Earlier this evening, Facebook formally announced its geolocation component, Facebook Places, and it has already sparked concerns from a major privacy advocate.
The ACLU of Northern California has issued its preliminary response to the features and is taking issue with the granularity and visibility of some of the new location-based user controls.
Tagging, a feature that has made Facebook Photos such a success, is a key part of Facebook Places. Just as you can tag friends in photos you find or upload, you will also be able to tag individuals when you check in at a new location.
But while Facebook makes it easy for users to allow their friends to check them in, the ACLU says that opting out of that feature is more difficult. For example, the feature lets users select a “not now” option when friends attempt to check them in, but not a “never” option to prevent friends from attempting to do so in the future. Further, if you’re already a Places user, friends can just check you in automatically.
The ACLU also takes issue with the “Here Now” feature, which displays users that have recently checked in at a given Place. The problem, according to the ACLU, is that this list is accessible to anyone else who is checked-in to the same place. The ACLU has already put together a resource page dedicated to helping users lock down more of their information.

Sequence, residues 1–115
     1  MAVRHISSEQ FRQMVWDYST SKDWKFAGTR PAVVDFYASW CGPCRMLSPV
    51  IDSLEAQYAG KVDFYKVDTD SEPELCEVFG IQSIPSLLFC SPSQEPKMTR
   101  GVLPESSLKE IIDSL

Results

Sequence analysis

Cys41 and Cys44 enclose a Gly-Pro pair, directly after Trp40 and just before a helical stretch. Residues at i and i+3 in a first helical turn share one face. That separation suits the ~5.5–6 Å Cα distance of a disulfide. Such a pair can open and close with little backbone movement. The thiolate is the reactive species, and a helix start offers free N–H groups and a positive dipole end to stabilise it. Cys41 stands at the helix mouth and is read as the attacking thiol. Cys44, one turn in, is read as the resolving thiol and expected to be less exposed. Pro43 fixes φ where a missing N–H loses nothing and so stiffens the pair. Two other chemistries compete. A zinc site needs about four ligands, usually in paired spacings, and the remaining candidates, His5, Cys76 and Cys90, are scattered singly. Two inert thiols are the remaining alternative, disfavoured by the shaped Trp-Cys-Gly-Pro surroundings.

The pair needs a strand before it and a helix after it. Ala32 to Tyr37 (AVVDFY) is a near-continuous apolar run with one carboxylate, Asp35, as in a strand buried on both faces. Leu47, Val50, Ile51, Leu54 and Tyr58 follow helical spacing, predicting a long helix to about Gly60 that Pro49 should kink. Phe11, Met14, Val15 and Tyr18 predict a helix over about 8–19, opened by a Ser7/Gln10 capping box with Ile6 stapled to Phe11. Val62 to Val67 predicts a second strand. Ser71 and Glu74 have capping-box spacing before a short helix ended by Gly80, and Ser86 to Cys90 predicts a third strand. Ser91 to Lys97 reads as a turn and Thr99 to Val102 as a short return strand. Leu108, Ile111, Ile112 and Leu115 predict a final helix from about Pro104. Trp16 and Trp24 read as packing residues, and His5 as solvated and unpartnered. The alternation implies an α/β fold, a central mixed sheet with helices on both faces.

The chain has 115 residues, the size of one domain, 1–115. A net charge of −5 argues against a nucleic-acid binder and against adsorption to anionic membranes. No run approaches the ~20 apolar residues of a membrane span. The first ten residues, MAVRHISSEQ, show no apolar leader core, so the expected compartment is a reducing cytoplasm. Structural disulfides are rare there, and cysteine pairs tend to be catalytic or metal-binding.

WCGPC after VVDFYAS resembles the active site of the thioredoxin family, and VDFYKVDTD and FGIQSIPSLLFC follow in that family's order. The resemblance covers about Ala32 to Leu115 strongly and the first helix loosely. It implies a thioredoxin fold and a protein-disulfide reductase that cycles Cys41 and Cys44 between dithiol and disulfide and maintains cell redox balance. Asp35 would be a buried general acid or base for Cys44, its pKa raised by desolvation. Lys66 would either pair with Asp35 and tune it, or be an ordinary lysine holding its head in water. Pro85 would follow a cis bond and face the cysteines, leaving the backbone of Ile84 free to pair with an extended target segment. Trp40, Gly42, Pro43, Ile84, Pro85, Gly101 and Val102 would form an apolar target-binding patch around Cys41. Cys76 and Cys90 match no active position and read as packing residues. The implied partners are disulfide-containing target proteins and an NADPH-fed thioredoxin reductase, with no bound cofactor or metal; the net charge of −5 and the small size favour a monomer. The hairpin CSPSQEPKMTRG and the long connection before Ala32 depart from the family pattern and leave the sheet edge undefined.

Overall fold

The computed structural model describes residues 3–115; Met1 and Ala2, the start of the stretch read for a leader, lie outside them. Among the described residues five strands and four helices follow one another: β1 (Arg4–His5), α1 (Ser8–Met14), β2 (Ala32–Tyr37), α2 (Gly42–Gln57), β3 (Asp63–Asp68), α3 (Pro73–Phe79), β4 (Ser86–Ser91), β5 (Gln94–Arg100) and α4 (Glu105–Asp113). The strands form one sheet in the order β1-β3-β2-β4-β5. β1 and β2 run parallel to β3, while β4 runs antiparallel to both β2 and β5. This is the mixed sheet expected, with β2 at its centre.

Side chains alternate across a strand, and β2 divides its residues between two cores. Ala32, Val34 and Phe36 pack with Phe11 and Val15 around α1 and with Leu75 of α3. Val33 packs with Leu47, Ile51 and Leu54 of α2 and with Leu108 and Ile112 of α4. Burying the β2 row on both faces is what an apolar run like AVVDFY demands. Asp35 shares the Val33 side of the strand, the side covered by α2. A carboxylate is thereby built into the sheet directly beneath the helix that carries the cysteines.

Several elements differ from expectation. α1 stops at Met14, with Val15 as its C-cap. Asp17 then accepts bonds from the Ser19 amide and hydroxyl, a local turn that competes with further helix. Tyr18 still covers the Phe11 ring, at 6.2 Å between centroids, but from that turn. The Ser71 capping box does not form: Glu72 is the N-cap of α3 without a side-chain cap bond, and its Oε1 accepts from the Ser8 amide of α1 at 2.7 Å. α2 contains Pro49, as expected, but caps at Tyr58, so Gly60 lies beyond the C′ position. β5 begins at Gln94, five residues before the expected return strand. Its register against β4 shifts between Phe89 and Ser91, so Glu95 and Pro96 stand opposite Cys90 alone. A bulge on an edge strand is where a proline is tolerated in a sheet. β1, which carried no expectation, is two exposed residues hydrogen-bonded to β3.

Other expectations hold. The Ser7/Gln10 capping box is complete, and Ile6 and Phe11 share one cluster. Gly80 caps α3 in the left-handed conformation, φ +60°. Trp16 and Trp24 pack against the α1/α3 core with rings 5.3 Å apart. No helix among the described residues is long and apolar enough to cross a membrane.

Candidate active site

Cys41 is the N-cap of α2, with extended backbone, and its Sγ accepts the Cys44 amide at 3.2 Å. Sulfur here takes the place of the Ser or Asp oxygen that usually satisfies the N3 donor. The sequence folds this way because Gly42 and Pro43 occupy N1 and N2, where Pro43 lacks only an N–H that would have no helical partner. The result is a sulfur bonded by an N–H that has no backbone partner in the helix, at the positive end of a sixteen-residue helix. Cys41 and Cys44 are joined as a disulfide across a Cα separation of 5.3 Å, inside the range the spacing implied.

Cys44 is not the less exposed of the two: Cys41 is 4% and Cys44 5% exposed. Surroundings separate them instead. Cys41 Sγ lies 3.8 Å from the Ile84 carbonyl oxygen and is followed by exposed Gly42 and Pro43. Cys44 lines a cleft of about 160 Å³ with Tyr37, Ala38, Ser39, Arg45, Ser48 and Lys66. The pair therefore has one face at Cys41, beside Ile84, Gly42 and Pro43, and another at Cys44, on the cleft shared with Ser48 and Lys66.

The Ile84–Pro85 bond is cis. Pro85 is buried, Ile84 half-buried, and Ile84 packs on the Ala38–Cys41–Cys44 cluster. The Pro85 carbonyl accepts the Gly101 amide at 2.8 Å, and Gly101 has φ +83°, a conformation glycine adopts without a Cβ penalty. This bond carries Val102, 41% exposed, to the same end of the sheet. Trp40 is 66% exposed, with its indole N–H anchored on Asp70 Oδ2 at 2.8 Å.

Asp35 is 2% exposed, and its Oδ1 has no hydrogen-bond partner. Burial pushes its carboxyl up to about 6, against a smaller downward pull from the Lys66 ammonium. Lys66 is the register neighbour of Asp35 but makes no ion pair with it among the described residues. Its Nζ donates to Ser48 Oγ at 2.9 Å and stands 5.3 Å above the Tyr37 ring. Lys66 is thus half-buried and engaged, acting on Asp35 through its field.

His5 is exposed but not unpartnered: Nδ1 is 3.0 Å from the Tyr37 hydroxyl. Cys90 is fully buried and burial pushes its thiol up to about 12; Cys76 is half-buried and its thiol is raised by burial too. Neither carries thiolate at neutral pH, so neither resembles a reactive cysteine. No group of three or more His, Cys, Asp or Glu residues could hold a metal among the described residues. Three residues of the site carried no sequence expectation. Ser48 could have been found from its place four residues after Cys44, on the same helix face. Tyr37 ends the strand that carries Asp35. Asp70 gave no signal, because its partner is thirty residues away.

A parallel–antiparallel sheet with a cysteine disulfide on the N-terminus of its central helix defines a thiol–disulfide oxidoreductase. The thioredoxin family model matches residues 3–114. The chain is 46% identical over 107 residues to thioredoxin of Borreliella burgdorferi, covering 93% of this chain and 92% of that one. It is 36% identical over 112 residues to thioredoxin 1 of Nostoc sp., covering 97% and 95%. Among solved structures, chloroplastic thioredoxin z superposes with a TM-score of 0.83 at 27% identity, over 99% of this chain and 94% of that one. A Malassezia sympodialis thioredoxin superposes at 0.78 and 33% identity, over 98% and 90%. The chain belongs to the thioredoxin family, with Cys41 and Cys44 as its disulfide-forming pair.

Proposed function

It will likely take a few days of real world Facebook Places use to digest all of the privacy implications, but initially it seems that the biggest problem may not be with controlling what information an individual shares but what information others can share about them. Further, as the service becomes available and third-party apps start to work with the APIs, we’ll get a better idea of what this all really means.
Right now, the only thing that seems really clear is that no matter how much Facebook may want to skirt the privacy issues it faced this spring, the company likely to face some serious questions from its users with this new product. After all, the potential for a location-based social graph is enormous, but so too are the real-world opportunities for privacy breaches.
What are you early thoughts on Facebook Places and privacy? Do you feel like your personal information will be under your control? Let us know!